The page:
Off-Site Laboratories and Collection Stations ....................................................................... 56
Inpatient Unit/Setting Visits ..................................................................................................... 58
Undetermined Survey Activities ............................................................................................... 60
Education Session: Clinical Laboratory Decision Rules,
Scoring Guidelines, and Strategic Improvement Plan .......................................................... 61
Joint Commission International Accreditation Strategic Improvement Plan (SIP) Form ............... 62
Staff Qualifications and Education Session ............................................................................ 69
Competency Assessment Process Review Form .............................................................................. 71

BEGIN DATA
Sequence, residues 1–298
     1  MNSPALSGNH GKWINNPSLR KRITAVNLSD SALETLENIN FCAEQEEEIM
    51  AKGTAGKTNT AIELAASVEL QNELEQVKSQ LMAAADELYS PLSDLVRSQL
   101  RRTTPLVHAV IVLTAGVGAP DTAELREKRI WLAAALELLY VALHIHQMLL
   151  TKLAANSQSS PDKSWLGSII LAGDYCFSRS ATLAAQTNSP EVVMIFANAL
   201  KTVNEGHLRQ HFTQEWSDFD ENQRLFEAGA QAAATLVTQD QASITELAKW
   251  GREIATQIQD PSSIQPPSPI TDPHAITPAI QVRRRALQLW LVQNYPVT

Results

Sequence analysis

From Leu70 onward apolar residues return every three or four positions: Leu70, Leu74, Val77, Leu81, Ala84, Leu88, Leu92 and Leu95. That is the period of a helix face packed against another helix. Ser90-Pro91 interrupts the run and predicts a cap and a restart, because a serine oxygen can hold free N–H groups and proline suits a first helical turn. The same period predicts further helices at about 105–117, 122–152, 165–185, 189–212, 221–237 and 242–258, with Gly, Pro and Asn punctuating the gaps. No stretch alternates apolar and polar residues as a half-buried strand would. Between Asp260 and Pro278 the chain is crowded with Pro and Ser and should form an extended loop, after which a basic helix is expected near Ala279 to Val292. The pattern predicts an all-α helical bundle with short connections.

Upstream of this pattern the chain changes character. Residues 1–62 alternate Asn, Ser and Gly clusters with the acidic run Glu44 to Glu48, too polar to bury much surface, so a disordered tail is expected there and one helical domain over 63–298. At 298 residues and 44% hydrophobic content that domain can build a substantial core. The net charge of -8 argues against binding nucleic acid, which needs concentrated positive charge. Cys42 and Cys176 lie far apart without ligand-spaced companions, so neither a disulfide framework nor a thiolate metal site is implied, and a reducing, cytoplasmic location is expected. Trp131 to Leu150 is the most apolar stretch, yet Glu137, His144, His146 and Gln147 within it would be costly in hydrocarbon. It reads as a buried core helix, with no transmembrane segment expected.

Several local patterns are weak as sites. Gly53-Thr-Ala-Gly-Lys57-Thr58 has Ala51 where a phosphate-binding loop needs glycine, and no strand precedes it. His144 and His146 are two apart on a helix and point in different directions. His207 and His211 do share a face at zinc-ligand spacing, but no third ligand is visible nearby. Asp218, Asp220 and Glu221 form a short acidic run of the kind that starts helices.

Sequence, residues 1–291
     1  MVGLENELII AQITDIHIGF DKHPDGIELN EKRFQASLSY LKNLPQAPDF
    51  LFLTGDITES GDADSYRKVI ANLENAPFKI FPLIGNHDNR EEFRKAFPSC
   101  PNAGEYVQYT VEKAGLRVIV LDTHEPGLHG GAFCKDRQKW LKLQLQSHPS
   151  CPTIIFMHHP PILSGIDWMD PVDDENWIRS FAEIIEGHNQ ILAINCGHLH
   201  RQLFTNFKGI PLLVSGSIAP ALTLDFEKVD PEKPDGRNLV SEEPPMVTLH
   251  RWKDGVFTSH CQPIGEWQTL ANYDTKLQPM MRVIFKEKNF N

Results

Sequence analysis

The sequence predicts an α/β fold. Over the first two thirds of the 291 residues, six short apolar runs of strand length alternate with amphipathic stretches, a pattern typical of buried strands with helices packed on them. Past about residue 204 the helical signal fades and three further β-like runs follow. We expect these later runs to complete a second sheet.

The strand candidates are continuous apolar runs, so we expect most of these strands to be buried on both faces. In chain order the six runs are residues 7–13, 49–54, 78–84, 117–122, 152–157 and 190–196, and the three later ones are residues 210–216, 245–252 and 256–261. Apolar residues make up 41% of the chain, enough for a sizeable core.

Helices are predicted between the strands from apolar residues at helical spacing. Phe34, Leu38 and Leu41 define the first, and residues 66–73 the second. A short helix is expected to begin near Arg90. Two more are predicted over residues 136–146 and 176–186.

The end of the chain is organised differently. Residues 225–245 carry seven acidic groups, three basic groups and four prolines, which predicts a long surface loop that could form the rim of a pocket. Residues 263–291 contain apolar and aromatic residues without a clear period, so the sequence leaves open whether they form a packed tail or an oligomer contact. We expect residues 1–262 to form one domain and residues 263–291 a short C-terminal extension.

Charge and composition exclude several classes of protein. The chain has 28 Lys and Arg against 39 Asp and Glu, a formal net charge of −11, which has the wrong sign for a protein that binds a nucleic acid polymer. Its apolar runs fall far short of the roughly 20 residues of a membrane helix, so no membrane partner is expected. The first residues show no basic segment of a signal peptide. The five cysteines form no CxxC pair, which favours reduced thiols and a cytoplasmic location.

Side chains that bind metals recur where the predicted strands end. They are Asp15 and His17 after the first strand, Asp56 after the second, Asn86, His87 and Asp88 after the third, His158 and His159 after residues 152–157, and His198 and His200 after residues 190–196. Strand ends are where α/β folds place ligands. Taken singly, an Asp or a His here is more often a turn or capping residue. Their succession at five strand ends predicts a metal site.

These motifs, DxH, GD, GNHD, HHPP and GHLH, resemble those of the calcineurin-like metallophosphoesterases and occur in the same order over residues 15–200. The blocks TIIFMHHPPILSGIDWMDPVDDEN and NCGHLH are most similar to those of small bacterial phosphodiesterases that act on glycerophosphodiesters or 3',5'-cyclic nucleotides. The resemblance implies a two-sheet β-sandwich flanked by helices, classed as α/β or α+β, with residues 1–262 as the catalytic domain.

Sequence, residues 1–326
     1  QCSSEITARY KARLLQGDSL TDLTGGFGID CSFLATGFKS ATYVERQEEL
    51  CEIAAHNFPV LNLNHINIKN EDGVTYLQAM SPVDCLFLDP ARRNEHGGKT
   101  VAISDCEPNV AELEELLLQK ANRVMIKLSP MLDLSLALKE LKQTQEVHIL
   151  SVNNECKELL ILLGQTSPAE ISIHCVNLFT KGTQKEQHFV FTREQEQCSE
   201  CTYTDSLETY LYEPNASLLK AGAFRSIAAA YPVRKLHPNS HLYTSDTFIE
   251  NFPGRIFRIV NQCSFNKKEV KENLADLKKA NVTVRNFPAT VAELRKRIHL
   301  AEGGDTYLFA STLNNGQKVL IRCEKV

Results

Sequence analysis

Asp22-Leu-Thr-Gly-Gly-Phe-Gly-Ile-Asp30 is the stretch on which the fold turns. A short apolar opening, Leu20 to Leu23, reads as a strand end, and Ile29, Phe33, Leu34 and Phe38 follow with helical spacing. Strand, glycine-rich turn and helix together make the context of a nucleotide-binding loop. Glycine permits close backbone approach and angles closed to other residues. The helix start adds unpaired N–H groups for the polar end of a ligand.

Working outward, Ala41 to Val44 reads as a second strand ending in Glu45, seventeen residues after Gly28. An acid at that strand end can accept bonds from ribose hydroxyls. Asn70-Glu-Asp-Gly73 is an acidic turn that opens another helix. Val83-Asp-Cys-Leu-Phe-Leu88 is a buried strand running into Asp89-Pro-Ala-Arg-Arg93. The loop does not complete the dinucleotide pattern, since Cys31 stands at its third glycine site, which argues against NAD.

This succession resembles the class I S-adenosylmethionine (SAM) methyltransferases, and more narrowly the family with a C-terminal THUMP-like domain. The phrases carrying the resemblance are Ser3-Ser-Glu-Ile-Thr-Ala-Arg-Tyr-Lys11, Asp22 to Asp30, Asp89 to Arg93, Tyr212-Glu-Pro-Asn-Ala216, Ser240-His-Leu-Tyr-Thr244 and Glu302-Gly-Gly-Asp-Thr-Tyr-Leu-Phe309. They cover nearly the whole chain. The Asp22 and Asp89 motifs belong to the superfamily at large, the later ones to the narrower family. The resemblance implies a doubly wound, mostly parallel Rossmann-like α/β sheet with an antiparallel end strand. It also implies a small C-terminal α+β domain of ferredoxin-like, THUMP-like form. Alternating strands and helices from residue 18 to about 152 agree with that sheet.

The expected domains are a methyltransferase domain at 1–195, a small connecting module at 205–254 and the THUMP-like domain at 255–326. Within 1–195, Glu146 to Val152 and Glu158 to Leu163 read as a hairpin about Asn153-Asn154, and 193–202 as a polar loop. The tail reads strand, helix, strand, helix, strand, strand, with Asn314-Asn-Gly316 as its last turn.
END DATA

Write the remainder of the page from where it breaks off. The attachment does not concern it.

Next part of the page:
Leadership Conference ............................................................................................................. 72
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Surveyor Team Meeting ............................................................................................................. 74
Surveyor Report Preparation ..................................................................................................... 75
Leadership Exit Conference ...................................................................................................... 76

Survey Planning: Reference Lists
Required Quality Monitors ........................................................................................................ 79
Required Clinical Laboratory Plans .......................................................................................... 80
Required Policies and Procedures, Written Documents,
Clinical Laboratory Plans, and Bylaws ..................................................................................... 81